Starting January 1st: “Month of Apple Bugs”

“A pair of security researchers has picked January 2007 as the starting point for a month-long project in which each passing day will feature a previously undocumented security hole in Apple’s OS X operating system or in Apple applications that run on top of it,” Brian Krebs, yes, that Brian Krebs, reports for The Washington Post.

“The ‘Month of Apple Bugs’ project, currently slated to begin on Jan. 1, is being orchestrated in part by a security researcher who asked to be identified only by his online alias ‘LMH.’ This is the same researcher who in November ran the ‘Month of Kernel Bugs’ project. LMH’s partner in this project is Kevin Finisterre, a researcher who has reported numerous bugs to Apple over the past few years,” Krebs reports.

Krebs reports, “To the chagrin of some security experts, however, LMH declined to give affected vendors advance noticed before posting evidence of kernel bugs on his Web site last month. Eleven of those kernel bugs were related to Apple software and applications, including a serious security hole that prompted a software update from Apple just two weeks later. As with the kernel bugs project, Apple will be given no advance notice with the Month of Apple bugs, LMH said in an interview conducted over instant message.”

Krebs reports, “LMH said that while his upcoming project had the potential to at least temporarily make security more tenuous for the average Mac user, he believes that in the long run the project will improve OS X security. ‘Right now, many OS X users still think their system is bulletproof, and some people are interested on making it look that way,’ LMH said.”

Full article here.

MacDailyNews Take: Which Mac OS X users think their systems are bulletproof? No one we know. Most of us simply know for a fact that Mac OS X is vastly more secure than Windows. Hopefully, “LMH” finds something of value with which Apple can work and his irresponsible method of posting them before notifying Apple doesn’t cause any damage. Judging from past performances, we’re sure Krebs is fairly drooling over the possibilities, real or imagined.

Related article:
Re: Brian Krebs’ reporting on supposed MacBook Wi-Fi exploit – August 04, 2006

71 Comments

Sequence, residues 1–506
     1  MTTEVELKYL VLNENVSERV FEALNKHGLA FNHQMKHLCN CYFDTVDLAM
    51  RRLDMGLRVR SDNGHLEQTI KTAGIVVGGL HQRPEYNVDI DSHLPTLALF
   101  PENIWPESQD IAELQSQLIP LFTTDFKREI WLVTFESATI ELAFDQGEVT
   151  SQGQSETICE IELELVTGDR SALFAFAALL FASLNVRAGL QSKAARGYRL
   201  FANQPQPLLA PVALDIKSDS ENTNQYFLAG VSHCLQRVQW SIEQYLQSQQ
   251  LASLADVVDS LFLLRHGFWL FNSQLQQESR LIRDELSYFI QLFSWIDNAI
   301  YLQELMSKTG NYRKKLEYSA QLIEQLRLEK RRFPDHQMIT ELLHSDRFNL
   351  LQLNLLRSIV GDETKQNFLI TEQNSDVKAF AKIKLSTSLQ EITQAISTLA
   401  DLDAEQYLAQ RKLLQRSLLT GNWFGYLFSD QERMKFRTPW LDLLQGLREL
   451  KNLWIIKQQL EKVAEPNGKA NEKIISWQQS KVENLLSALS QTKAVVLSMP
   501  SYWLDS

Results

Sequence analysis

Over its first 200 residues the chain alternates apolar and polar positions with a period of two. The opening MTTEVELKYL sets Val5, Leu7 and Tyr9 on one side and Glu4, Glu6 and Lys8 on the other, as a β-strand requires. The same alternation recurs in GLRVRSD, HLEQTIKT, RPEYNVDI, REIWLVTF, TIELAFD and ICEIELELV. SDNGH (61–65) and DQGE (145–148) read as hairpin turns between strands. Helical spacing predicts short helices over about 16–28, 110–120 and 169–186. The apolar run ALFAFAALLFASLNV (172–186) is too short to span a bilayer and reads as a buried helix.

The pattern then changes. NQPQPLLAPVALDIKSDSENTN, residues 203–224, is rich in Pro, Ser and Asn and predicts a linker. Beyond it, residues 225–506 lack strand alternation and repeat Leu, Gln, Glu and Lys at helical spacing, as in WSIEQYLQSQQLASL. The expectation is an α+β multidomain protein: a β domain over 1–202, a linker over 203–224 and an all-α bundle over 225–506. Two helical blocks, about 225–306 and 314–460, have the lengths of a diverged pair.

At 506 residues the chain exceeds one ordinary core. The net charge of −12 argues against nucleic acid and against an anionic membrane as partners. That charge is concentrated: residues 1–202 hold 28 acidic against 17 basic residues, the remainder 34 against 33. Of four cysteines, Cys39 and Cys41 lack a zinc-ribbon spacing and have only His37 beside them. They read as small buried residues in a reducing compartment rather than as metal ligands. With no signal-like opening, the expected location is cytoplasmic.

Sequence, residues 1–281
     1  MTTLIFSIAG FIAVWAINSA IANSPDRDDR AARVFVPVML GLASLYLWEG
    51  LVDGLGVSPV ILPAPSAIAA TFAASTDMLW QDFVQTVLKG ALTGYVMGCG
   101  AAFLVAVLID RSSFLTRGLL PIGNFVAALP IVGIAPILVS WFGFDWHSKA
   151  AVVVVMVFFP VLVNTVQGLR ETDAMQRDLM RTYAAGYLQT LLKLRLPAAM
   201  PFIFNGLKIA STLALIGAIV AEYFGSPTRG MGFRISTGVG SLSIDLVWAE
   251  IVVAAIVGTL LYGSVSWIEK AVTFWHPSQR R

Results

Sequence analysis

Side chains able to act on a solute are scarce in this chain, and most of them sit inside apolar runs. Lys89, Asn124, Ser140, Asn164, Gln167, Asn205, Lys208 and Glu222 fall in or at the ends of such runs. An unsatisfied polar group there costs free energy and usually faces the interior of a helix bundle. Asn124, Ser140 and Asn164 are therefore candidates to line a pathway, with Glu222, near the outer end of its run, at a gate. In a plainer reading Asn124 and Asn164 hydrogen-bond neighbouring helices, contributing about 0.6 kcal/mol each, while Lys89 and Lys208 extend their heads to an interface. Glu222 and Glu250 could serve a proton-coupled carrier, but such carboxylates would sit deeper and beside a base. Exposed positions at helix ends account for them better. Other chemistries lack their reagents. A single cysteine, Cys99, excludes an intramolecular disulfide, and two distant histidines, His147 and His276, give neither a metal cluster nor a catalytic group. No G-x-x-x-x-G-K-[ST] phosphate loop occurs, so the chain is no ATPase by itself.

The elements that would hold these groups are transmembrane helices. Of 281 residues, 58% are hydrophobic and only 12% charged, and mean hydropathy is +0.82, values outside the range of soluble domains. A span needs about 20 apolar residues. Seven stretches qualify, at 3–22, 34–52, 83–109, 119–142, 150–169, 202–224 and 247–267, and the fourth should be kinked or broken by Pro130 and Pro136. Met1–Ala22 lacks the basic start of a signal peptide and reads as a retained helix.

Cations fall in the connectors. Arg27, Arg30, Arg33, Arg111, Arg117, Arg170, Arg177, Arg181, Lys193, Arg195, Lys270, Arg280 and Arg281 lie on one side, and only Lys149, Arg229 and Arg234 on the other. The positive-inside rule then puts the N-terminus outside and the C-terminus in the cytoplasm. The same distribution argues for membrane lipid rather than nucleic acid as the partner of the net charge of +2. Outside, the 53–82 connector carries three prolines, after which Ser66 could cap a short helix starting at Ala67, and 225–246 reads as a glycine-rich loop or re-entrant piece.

1. On the last OS security story, Brian Krebs proved to be a hack writer who doesn’t know technology and can’t be bothered with little things like accuracy or research.

    Let’s see how he handles this next piece.

  2. Irresponsible, gutless coward. LMH have the nuts to use your real name if you’re going to do something that lays open the vulnerabilities for many people, no matter the OS. Your methods are wretched, the means do not justify the ends. Unless the end you’re intending is to cause undue harm to others. To you it may seem a trifle inconvience, but if a serious problem were to happen to someone’s sytem due to your irresponsible action it may lead to more than a broken computer system. Sensitive information lays within our computers. Have you ever heard of identity theft, it’s whole possible through our systems. I’d rather be shot.

    Fucking asshole.

    Now does anyone know how to contact him so I can forward this to him.

  3. If Krebs has any journalistic integrity and competency, he should publish a comparison of Microsoft versus Apple OS exploits, failures, and hazards and quantify them. A rigorous and detailed comparison of Microsoft and Apple should provide the public with more useful information and help people make a truly informed decision.

  4. Hopefully Krebbs will have learned from the mistakes he made with the MacBook airport security issue when he failed miserably to check out what he was reporting on…

    Anyway, this kind of activity is pointless. Why don’t they just report the issues they discover to Apple? Or have they something to sell and need the ‘WOW GEE LOOK OSX SECURITY HOLES’ press…

    And by the way, look at the fscking inane comments from WinTrolls on that blog…

  5. LMH, like so many others in the security business feel they have the right to force companies to fix bugs by exposing them without notice, putting the rest of the public at risk.

    Whether they like or not bugs happen and private companies should be given the chance to fix them in their own time. I’m a software engineer and I know It can take some time to do a fix correctly not just a bodge job (Microsoft take note).

    LMH may be a great programmer and thinks he knows everything but the fact is he has no idea what it will really take to fix the bug. Any idiot can find a bug, fixing it without any knock on’s is the real business (Microsoft take note).

    Apple is one of those companies that does not communicate their security status unless they have to. The fact that LMH may not get a response in the time he expects doesn’t mean Apple haven’t taken onboard what he has said and that they are not working on a fix. I suppose he feels rejected when he see’s that empty mail box.

    For god sake if you’re gonna contribute do so, don’t demand! otherwise go get a real job!

    Rant over… Sorry. : )

    p.s. I also hate the fact that they rate companies based on how quickly it takes to fix bugs. It takes as long as it takes!

  6. If all these reported security holes are plugged with 10.5, what then? Apple sells more copies of Leopard. When Microsoft’s Vista suffers zero-day exploits this will be dismissed as Windows funtioning normally and as expected. People generaly expect more from Apple and less from microsoft. Same ol’ dance.

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